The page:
As our old friend Jamie posted on Facebook recently (via a link to the LRB), it’s not entirely clear what the world sees in the Queen, but more a case of  this very nothingness giving her a sort of neutrality that people find it hard to dislike. I’m very much of this mind: no great fan of the Queen (although I’ve always admired Prince Charles, funnily enough, particularly at the height of Diana mania) but with no axe to grind, either. They weren’t elected, they cost a lot of money, but were they not there London and England would somehow seem to be missing something.

So it was that this jubilee weekend we had no great plans but contrived to have a good time anyway. On Saturday we left the house at just after 1pm, knowing that the Queen would be hitting the Thames at 230 or so. Hade works at Chelsea Harbour, a long stone’s throw from Stamford Bridge and a secluded, quiet part of London favoured by the rich and reclusive, as well as visiting football teams (Barcelone stayed there the other week, for instance). Anyway, the numerous guides to the Queen’s boat trip inexplicably started that small bit further along the river so few people thought to go to the Harbour. We got off the train at Imperial Wharf just after 2pm, fizzed down the lift and found ourselves in the midst of a bevy of police and a few handfuls of people. The Queen and a few more police drove straight past us; Prince Philip waved as they did.

How about that then? We’d all seen the torturous TV images the night before. “How long have you been waiting here then?” “Where have you come from today?” “The queen’s great isn’t she?” “”She’s 86 you know?” but were able to trump them all, once more via the underpublicised Chelsea Harbour riverside. A quick snake through the harbour, a backstreet here, a kind steward there, and we were on the side of the river, part of the second row of people and able to see all the boats start their looooong journeys up towards the middle of town.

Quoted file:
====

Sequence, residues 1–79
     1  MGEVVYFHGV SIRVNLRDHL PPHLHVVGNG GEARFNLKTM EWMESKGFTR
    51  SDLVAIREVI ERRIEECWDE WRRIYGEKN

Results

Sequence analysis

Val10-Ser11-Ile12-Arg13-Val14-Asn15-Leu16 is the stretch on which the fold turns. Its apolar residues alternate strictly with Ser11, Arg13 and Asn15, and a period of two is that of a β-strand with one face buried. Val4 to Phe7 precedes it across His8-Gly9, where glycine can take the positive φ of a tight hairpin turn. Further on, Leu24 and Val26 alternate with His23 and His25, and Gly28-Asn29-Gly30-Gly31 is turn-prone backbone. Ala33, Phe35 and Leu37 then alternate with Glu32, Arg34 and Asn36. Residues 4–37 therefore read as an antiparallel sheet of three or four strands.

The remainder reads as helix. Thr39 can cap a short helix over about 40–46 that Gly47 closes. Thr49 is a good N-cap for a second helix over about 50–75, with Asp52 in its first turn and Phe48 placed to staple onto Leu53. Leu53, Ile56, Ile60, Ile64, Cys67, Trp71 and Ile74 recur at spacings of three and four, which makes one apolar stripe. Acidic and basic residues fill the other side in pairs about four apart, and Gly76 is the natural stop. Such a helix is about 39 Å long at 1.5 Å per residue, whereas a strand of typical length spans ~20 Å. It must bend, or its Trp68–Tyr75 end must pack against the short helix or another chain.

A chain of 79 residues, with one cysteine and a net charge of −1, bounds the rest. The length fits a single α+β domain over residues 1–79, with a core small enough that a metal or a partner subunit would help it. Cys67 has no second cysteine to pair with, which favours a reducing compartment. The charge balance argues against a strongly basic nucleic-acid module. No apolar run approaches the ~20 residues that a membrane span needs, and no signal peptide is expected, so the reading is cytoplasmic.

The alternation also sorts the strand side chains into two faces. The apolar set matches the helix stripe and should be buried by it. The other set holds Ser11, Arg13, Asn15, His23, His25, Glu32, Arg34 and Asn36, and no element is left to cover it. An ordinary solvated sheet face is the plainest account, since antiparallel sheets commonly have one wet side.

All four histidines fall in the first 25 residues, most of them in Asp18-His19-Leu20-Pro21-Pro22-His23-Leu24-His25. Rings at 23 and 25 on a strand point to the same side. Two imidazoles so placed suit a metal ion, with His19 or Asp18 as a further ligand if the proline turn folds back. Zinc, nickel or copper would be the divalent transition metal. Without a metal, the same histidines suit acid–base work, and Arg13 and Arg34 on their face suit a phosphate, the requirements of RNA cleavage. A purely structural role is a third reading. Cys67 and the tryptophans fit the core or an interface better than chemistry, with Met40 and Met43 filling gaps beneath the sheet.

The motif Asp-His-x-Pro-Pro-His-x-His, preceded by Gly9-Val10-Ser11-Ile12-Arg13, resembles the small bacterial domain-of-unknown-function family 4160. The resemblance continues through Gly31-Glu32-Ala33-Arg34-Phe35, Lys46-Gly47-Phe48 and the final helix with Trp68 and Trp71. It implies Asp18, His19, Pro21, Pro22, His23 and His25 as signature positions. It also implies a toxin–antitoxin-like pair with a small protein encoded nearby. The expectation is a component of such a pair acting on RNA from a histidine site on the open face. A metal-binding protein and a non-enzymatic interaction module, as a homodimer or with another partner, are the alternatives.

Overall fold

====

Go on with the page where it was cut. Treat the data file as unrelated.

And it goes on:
So that was nice. The concert last night was a bit underwhelming – these things have to be middle of the road by their very nature, and if it exposed the likes of Cheryl Cole rather too easily (does anyone better embody the ridiculousness of modern times than this silly woman?) then at least Gary Barlow’s token Commonwealth combination did feature something slightly different (even if, again, you could have spotted the Barlow signature sound a mile off; remember Peter Kay’s “Winner’s Song”?), and Elton John growled out a surprisingly interesting short set. Kylie Minogue was better than I’d expected, too.

What am I writing? With age comes tolerance and here I am lapping up music that not long ago I’d have turned my nose up at.  But again, perhaps this is what the Queen has done; by being nothing and largely doing nothing she has made us all smile, and who can argue with such a thing? It’s been a long weekend (and by the look on the Queen’s face she feels the same) but a good one, and while the real world is only a few hours away again, it’s been terrific to be able to take some time out, forget life’s troubles and celebrate something that is easy to celebrate. God Save the Queen!

Richard Allen founded Craven Cottage Newsround in 2006. He lives in South London with Hady and Stanley, pictured above.

3 thoughts on “Jubilee

  1. Joseph-Ignace Guillotin must be spinning in his grave.

    You invent something useful and no one wants to use it.

  2. Being a republican during a jubilee must be what it’s like to be a person who hates football during a world cup.

    -It’s just men chasing a ball around football’s so stupid!

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